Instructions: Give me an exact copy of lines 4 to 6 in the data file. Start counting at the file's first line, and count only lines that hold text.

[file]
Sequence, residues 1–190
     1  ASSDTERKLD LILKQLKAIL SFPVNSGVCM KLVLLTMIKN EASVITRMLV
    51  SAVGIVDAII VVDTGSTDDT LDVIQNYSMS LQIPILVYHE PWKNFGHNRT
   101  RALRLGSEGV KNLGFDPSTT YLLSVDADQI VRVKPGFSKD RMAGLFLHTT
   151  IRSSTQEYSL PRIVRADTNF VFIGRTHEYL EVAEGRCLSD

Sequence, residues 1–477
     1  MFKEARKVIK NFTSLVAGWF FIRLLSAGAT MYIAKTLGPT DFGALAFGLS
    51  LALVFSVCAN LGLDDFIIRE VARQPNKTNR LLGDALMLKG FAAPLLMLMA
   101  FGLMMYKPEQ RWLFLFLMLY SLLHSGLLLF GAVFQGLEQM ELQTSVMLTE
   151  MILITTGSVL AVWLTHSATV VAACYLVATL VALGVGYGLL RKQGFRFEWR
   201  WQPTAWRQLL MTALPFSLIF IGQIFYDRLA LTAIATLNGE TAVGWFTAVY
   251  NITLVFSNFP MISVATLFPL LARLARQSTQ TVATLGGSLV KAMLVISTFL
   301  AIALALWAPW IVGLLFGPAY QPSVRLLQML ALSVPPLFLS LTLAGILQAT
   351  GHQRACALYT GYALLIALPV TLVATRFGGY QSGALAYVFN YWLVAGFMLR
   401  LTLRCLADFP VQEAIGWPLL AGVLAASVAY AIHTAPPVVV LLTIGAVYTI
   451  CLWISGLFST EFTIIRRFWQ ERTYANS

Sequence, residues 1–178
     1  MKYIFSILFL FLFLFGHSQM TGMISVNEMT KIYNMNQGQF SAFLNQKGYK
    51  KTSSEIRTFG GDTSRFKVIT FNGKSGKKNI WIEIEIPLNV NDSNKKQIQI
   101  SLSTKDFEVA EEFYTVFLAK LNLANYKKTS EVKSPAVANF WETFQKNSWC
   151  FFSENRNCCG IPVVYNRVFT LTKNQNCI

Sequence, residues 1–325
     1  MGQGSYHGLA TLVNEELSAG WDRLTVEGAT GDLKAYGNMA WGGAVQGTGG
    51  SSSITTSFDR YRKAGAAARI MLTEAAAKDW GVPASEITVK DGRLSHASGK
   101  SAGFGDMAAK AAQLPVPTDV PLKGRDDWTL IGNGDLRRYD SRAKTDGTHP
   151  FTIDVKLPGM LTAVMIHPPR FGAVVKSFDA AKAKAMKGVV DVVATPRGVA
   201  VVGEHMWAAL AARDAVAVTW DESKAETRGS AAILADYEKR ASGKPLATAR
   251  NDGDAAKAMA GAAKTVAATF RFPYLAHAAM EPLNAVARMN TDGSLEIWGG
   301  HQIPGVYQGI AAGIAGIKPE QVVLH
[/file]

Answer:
   101  RALRLGSEGV KNLGFDPSTT YLLSVDADQI VRVKPGFSKD RMAGLFLHTT
   151  IRSSTQEYSL PRIVRADTNF VFIGRTHEYL EVAEGRCLSD

Sequence, residues 1–477